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Yoga Poses

Boat Pose

An ab and deep hip flexor strengthener, Boat Pose, or Paripurna Navasana in Sanskrit, requires you to balance on the tripod of your sitting bones and tailbone to build mental and physical focus, inspiring a full-body awareness.

When you think of Paripurna Navasana (Boat Pose), you probably think of holding an abs-olutely core-crushing position. Yes, the pose does work your abdominal muscles, but it also strengthens your hip flexors, adductors (groin), and the lower back muscles that support your spine. 

You’ll dig deep in Boat Pose to extend, expand, and open your body while pushing through heat and discomfort.You’ll build the core strength required for inversions and arm balances like Crow or Firefly

And let’s face it: a strong core is key. It helps you stand taller, helps prevent injury, and makes you better at other activities like running or rock climbing. If you don’t have the core strength to hold Full Boat Pose with your arms and legs outstretched yet, hold on to your legs behind your knees. In time, you’ll find the pose smooth sailing.

Pose Name Basics

Sanskrit: Paripurna Navasana

Pose type: Seated

Target areas: Core

Why we love it: I do Boat Pose incrementally with bent knees, holding the back of my legs. Once I find my balance and am past the wobbly phase, I slowing straighten my legs. This step-by-step approach focuses me on each step and, once I reach the peak pose, I feel like I am floating. In my experience, is a micro adjustment of the pelvis that aligns my spine.—Sarah LaVigne, Contributing Photo Editor

Pose Benefits

Boat Pose builds focus and body awareness. It can boost energy and fight fatigue, and help build confidence and empowerment. Boat Pose also improves posture and counteracts the effects of prolonged sitting and doing computer work by strengthening your core and thighs.

Boat Pose Step-By-Step Instruction

  1. Sit on the floor with your legs straight in front of you. Press your hands on the floor a little behind your hips, fingers pointing toward the feet, and strengthen the arms. Lift through the top of the sternum and lean back slightly. As you do this make sure your back doesn’t round; continue to lengthen the front of your torso between the pubis and top sternum. Sit on the “tripod” of your two sitting bones and tailbone.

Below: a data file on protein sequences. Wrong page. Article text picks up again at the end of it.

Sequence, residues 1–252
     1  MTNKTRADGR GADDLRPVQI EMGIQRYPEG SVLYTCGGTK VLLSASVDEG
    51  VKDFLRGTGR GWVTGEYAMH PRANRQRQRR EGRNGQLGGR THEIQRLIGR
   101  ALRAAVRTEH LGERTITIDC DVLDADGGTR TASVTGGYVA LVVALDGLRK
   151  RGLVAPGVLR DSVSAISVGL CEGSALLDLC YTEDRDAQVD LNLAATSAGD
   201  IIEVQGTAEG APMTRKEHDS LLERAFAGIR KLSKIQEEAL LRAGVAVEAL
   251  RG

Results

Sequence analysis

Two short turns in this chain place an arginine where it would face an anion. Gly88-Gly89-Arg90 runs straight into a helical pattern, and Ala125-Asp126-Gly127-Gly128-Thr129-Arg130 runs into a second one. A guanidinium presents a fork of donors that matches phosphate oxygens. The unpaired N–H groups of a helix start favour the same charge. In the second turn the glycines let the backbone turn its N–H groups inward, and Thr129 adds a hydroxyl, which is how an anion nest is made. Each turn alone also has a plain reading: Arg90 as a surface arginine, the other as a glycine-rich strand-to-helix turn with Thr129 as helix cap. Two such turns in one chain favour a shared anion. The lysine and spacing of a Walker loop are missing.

2. Exhale and bend your knees, then lift your feet off the floor, so that the thighs are angled about 45-50 degrees relative to the floor. Lengthen your tailbone into the floor and lift your pubis toward your navel. If possible, slowly straighten your knees, raising the tips of your toes slightly above the level of your eyes. If this isn’t possible remain with your knees bent, perhaps lifting the shins parallel to the floor.
  3. Stretch your arms alongside the legs, parallel to each other and the floor. Spread the shoulder blades across your back and reach strongly out through the fingers. If this isn’t possible, keep the hands on the floor beside your hips or hold on to the backs of your thighs.
  4. While the lower belly should be firm, it shouldn’t get hard and thick. Try to keep the lower belly relatively flat. Press the heads of the thigh bones toward the floor to help anchor the pose and lift the top sternum. Breathe easily. Tip the chin slightly toward the sternum so the base of the skull lifts lightly away from the back of the neck.
  5. At first stay in the pose for 10-20 seconds. Gradually increase the time of your stay to 1 minute. Release the legs with an exhalation and sit upright on an inhalation.

Teaching Boat Pose

  • Practice this posture in the beginning of class to fire up your core for the rest of your practice.
  • Counter core work with gentle twists or backbends.

Boat Pose Variation

Bent-Knee Boat Pose

Try with your knees bent to lessen the effort and take pressure off your low back. You can bring your hands behind you on the floor for support.

Preparatory Poses

Follow-up Poses